Category Archives: tutorial

Photographing Your Work

Distracting Background

I’ve served as a juror for high end craft shows for many years. One issue that always stands out is how people photograph their work.  Some people have elaborate sets, props and backgrounds, and the piece that they are trying to photograph gets lost in the background.  They feel that the “artsier” the image the better, when a plain image is sometimes better.  I am no expert by any means, however, when you can see the work clearly then you are ahead of the game.  Below you will find some general guidelines to help you obtain the image you want so your acceptance into a “Pen Contest” or a juried craft show gets easier for you.

Clean Background & In Focus

Out of Focus

First and foremost, make sure your piece is in focus!  If you are using a digital SLR camera do not use the auto setting.  Use the aperture setting (lens opening) on your camera and set it as high as you can (f16 or f22) to get the most depth of field (focus) as you can.  This will assure your photo will be in focus from the front to the back.  A tripod is helpful to hold your camera to steady the image. Please consult your camera’s manual for exactly how to use it manually.

Lighting is very important.  A dark picture cannot show the detail in the work.  Natural sunlight is best

Dark Image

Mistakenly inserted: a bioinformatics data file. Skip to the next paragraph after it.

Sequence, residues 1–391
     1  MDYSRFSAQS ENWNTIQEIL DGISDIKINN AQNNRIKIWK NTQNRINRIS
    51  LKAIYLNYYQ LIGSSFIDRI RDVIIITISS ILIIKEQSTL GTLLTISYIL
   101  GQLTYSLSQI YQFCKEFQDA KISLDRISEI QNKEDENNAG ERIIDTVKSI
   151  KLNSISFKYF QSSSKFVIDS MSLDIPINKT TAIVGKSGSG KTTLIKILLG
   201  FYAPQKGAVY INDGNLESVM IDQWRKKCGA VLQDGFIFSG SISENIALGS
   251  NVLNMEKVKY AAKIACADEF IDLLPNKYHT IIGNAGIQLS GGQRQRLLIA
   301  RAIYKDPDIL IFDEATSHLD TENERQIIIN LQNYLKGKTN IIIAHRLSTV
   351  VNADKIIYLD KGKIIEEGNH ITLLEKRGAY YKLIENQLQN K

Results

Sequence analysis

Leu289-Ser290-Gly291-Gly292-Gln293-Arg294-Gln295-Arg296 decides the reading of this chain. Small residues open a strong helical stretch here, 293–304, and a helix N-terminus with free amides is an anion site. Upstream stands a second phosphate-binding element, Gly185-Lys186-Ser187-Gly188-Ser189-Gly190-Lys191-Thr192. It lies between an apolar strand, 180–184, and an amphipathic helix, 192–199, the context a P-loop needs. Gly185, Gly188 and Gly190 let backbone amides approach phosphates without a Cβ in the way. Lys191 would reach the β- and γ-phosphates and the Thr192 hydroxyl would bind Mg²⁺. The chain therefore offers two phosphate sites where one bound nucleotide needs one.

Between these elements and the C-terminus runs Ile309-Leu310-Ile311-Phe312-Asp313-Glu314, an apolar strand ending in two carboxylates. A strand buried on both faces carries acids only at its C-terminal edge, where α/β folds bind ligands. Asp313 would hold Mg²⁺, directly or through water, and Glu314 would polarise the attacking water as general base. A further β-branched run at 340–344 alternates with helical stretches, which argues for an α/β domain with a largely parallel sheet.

but it can give you very harsh shadows.  Use a light tent and light the image from three sides, (top, and left & right sides).  By lighting from three sides, you soften any shadows you may get. The light cancels out the shadows.  Using one source of light will usually produce harsh shadows.

Use a plain background.  You want your pen to be the main focus not what you are using as a background. I personally like using a clear pen stand to photograph my pens. If you do not use a stand for your photograph, and you just lay it on your background, your pen will tend to roll and not lay the way you want it to.  Use some tacky putty, museum wax or a tiny piece of scotch tape rolled up and stuck to the back of the pen.  This will allow you to position the pen in the way you want.

Although a digital SLR will probably give the best results, you can still get very good results using a phone or tablet that have a good camera. There are many photography apps available that can help with aperture & focus. Do not use any built-in filters, they won’t make your photo any better. There are attachments for phones & tablets that will allow you to use a tripod to keep it steady for a sharp photo.

So, lighting, focus and a plain background will work most of the time especially, if you are trying to win a “Pen Contest” – get the hint!  Good luck and happy picture taking!

Lever Action Click Mechanism – not clicking? – Quick Fix!

This is an easy fix for a “sticky” click mechanism.

With thousands of Lever Action pen kits sold, we have had only a few “sticky” click mechanisms, and even those have been fixed in the field!  Every now and then, any click mechanism may slip out of alignment and not click properly.

If you look down the center of the inside of the lever action click mechanism you will see four little white “arms” that stick out.  (Photo below left)

Take a paperclip that has a slight hook on the end, and slide it behind one of the little arms and pull it up.  “Jiggle” it a little bit. It should fall back into place, and you have now repaired the click mechanism – see I told you it was an easy fix!

Paperclip inside of lever action click mechanism.

Paperclip inside of lever action click mechanism.

Lever Action "tool"

Lever Action “tool”

Blanks Blowing Up? A Possible Gluing Problem

Glue Problem?

Do you have a Glue Problem?